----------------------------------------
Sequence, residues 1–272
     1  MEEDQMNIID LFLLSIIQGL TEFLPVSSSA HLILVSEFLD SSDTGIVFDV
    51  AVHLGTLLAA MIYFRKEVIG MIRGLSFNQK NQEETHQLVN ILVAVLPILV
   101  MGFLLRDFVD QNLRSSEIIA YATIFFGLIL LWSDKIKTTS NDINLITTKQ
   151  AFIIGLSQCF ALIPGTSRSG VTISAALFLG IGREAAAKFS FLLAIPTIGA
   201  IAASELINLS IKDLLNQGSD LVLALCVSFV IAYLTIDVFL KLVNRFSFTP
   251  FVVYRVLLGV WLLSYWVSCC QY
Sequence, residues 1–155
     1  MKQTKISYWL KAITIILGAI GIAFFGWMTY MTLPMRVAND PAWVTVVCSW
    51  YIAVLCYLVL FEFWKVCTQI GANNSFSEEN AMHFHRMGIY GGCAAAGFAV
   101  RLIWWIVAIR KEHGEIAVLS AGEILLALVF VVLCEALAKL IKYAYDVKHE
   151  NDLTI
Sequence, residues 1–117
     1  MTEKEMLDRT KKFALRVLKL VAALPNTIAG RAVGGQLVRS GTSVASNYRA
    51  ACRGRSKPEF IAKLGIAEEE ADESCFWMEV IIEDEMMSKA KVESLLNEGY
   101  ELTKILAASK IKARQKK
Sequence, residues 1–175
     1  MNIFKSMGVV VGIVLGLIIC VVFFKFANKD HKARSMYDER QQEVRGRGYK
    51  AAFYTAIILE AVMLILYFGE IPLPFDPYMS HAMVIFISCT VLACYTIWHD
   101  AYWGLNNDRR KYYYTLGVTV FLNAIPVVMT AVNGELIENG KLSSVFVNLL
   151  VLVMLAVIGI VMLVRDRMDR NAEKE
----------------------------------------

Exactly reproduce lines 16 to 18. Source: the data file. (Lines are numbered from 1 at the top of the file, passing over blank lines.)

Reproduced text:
   101  ELTKILAASK IKARQKK
Sequence, residues 1–175
     1  MNIFKSMGVV VGIVLGLIIC VVFFKFANKD HKARSMYDER QQEVRGRGYK